Breast cancer patients are usually familiar with the likely side effect of chemotherapy of hair loss. Most, however, expect that hair grows back once the chemotherapy is over. However, an increasing number of breast cancer patients are finding that this is not always the case after they have taken certain drugs.
Sanofi Aventis, Taxotere’s manufacturer, is facing a lawsuit brought by more than 50 individual plaintiffs who claim the drug has caused permanent chemotherapy hair loss. These plaintiffs chose to file a joint complaint because, even though their circumstances were very different, their experiences linking Taxotere and permanent hair loss were undeniably similar.
One plaintiff alleges that neither she nor her doctors were aware of the association between Taxotere and permanent chemotherapy hair loss. After her chemotherapy treatment ended, the lead plaintiff suffered from permanent chemotherapy hair loss, also known as alopecia. Additional plaintiffs from coast to coast, including Tennessee, Oregon, and Florida, told of similar claims of disfigurement and permanent hair loss after they were treated with Taxotere.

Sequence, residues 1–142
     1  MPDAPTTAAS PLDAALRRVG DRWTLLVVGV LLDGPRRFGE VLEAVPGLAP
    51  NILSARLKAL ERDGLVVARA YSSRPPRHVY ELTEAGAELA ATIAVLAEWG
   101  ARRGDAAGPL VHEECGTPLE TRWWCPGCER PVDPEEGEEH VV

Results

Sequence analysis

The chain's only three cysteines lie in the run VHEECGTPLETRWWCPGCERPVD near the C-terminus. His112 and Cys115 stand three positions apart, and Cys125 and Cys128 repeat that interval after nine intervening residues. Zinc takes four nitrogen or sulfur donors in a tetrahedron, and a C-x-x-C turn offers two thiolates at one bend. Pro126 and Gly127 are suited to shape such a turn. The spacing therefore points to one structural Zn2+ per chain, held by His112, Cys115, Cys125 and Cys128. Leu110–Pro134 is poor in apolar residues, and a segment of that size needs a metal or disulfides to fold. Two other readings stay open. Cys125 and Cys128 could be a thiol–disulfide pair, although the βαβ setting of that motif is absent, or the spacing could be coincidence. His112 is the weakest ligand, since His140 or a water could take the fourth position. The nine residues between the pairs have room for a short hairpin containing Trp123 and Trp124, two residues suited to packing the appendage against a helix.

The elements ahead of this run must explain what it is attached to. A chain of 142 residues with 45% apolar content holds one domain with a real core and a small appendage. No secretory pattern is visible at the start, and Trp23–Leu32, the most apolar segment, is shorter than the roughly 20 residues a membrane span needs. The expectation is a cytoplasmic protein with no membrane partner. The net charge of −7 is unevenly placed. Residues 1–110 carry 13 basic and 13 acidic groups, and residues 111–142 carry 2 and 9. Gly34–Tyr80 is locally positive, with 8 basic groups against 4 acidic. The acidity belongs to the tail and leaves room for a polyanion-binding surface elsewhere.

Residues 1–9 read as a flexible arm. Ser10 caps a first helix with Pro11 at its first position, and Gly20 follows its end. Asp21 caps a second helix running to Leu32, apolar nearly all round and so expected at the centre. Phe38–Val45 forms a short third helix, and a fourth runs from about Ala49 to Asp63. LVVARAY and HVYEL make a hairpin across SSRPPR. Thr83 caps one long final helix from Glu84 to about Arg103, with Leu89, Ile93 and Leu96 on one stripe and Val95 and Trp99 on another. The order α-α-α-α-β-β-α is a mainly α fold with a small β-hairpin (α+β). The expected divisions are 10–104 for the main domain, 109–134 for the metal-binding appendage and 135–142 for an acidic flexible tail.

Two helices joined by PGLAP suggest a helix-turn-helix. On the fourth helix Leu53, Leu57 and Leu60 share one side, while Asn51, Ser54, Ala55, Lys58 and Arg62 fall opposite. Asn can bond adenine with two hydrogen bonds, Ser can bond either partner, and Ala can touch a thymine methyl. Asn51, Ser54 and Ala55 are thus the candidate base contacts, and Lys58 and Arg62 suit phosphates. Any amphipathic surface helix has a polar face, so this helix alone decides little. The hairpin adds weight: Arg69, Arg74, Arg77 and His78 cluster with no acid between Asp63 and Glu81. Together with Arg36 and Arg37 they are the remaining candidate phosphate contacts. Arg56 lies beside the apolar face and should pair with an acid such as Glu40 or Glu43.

Taxotere was approved by the U.S. Food and Drug Administration (FDA) in 1996 and is a popular breast cancer treatment drug. Taxotere fights breast cancer by preventing cancer cells from growing, thereby hampering its ability to spread quickly. However, that same function may also prevent a patient’s hair from growing back after chemotherapy.
Lawsuits allege that Sanofi has been aware of reports and studies connecting Taxotere to permanent hair loss after chemotherapy as far back as its approval in 1996. Taxotere lawsuits claim that despite this knowledge, Sanofi chose to conceal this information from patients and the medical community.
Some women who had taken Taxotere during chemotherapy have alleged that they were told their hair would grow back after chemotherapy was finished, yet many either had major difficulties growing their hair back, or suffered from permanent chemotherapy hair loss.